Minutes of Proceedings and Evidence of the Special Committee on Indian Self-Government, 32nd Parl, 1st Sess, No 5 (25 January 1983)
By: Canada (Parliament)
Citation: Canada, Parliament, Minutes of Proceedings and Evidence of the Special Committee on Indian Self-Government, 32nd Parl, 1st Sess, No 5 (25 January 1983).
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HOUSE OF COMMONS
Issue No. 5
In Ottawa, Ontario
Tuesday, January 25, 1983
Wednesday, February 9, 1983
Thursday, February 10, 1983
In Nanoose, British Columbia
Monday, February 14, 1983
Chairman: Mr. Keith Penner
Minutes of Proceedings and Evidence
of the Special Committee on
The status, development and responsibilities of Band
governments on Indian reserves, as well as the financial
relationships between the Government of Canada and
(See back cover)
First Session of the
Thirty-second Parliament, 1980-81-82-83
SPECIAL COMMITTEE ON
Chairman: Mr. Keith Penner
Vice-Chairman: Mr. Stan Schellenberger
Clerk of the Special Committee
Pursuant to S.O. 65(4)(b):
On Thursday, January 27, 1983:
Mr. Anguish replaced Mr. Manly.
On Wednesday, February 9, 1983:
Mr. Manly replaced Mr. Anguish.
MINUTES OF PROCEEDINGS
TUESDAY, JANUARY 25, 1983
The Special Committee on Indian Self-Government met in camera at 11:18 o’clock a.m., this day, the Chairman, Mr. Penner, presiding.
Members of the Committee present: Messrs. Allmand, Chénier, Manly, Penner, Schellenberger and Tousignant.
Other member present: Mr. Greenaway.
Ex-officio member present: From the Assembly of First Nations: Ms. Roberta Jamieson.
Liaison member present: From the Native Women’s Association of Canada: Ms. Marlyn Kane.
In attendance: From the Research Branch of the Library of Parliament: Mrs. Barbara Reynolds and Mrs. Katherine Dunkley, Research Officers. From the Parliamentary Centre for Foreign Affairs and Foreign Trade: Mr. P.C. Dobell, Policy Co-ordinator.
The Committee resumed consideration of its Order of Reference dated Wednesday, December 22, 1982. (See Minutes of Proceedings, Wednesday, December 22, 1982, Issue No. 1.)
The Committee proceeded to consider its future business.
It was agreed that the terms of reference for the following papers, as prepared by the staff and as amended, be adopted and that these papers be commissioned for the Committee:
i) Federal expenditures and mechanisms for their transfer to Indians.
ii) Various models for relations between indigenous peoples and government.
iii) Trust relationships between the Federal Government (the Crown) and the Indian people of Canada.
iv) Questions relating to the economic foundations for Indian self-government.
Mr. Schellenberger moved,—That the Member’s researchers from the three (3) political parties also accompany the Committee on its visit to the United States from January 31 to February 5, 1983.
After debate, the question being put on the motion, it was agreed to.
At 1:55 o’clock p.m., the Committee adjourned until 6:15 o’clock p.m., this evening.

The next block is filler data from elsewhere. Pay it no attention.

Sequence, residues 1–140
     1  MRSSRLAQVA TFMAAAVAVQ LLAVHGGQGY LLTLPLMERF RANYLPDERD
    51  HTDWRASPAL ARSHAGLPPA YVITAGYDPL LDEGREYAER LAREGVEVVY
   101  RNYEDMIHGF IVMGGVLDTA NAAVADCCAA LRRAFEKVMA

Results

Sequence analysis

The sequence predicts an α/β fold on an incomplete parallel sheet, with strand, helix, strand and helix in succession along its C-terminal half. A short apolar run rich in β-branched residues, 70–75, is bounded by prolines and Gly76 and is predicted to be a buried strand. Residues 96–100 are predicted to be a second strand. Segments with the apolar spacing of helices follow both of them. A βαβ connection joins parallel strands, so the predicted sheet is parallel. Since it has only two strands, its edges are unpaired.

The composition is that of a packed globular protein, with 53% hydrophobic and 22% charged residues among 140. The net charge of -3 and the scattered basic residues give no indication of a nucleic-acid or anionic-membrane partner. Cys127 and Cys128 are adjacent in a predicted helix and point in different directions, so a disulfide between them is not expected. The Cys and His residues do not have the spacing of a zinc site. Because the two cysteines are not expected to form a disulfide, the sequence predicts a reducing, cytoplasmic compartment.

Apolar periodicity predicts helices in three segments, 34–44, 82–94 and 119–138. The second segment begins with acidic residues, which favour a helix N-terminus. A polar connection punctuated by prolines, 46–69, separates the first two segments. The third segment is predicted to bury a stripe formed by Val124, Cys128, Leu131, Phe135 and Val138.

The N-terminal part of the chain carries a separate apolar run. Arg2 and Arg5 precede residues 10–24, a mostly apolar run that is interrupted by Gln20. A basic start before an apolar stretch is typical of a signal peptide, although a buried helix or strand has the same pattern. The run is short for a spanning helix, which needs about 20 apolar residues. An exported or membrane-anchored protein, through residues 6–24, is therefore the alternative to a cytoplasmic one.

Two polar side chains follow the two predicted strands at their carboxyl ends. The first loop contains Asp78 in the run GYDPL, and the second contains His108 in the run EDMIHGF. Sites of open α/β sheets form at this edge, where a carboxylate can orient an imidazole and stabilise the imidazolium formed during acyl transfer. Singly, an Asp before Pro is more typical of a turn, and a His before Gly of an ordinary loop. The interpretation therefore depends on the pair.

The Special Committee on Indian Self-Government met in camera at 6:28 o’clock p.m., the Chairman, Mr. Penner, presiding.
Members of the Committee present: Messrs. Allmand, Chénier, Manly, Penner, Schellenberger and Tousignant.
Other member present: Mr. Greenaway.
Ex-officio member present: From the Assembly of First Nations: Ms. Roberta Jamieson.
In attendance: From the Research Branch of the Library of Parliament: Mrs. Barbara Reynolds, Research Officer. From the Parliamentary Centre for Foreign Affairs and Foreign Trade: Mr. P.C. Dobell, Policy Co-ordinator.
The Committee resumed consideration of its Order of Reference dated Wednesday, December 22, 1982. (See Minutes of Proceedings, Wednesday, December 22, 1982, Issue No. 1.)
The Committee proceeded to consider its future business.
Mr. Chenier moved,—That the services of Coopers and Lybrand be engaged to produce the research project entitled “Federal expenditures and mechanisms for their transfer to Indians”.
After debate, the question being put on the motion, it was agreed to.
It was agreed that the Committee meet on Wednesday, February 9 to consider those who have indicated an interest in the production of the other research projects commissioned by the Committee.
At 6:54 o’clock pm., the Committee adjourned to the call of the Chair.
WEDNESDAY, FEBRUARY 9, 1983
The Special Committee on Indian Self-Government met in camera at 3:50 o’clock p.m., this day, the Chairman, Mr. Penner, presiding.
Members of the Committee present: Messrs. Allmand, Chénier, Manly, Oberle, Penner, Schellenberger and Tousignant.
Ex-officio member present: From the Assembly of First Nations: Mrs. Roberta Jamieson.
Liaison members present: From the Native Women’s Association of Canada: Ms. Marlyn Kane. From the Native Council of Canada: Mr. Clem Chartier.
In attendance: From the Research Branch of the Library of Parliament: Mrs. Barbara Reynolds and Mrs. Katherine Dunkley, Research Officers. From the Parliamentary Centre for Foreign Affairs and Foreign Trade: Mr. P.C. Dobell, Policy Co-ordinator.
The Committee resumed consideration of its Order of Reference dated Wednesday, December 22, 1982. (See Minutes of Proceedings, Wednesday, December 22, 1982, Issue No. 1.)
The Committee proceeded to consider its future business.
Mr. Oberle moved, —That the services of the Policy Development Group be engaged to produce the research project entitled “Various models for relations between indigenous peoples and government”.
After debate, the question being put on the motion, it was agreed to.
Mr. Chénier moved,—That the services of Messrs. D.C. Nahwegabow, M.W. Posluns, D. Sanders, Don R. Allen and Associates be engaged to produce the research project entitled “Trust relationships between the Federal Government (the Crown) and the Indian people of Canada”.
After debate, the question being put on the motion, it was agreed to.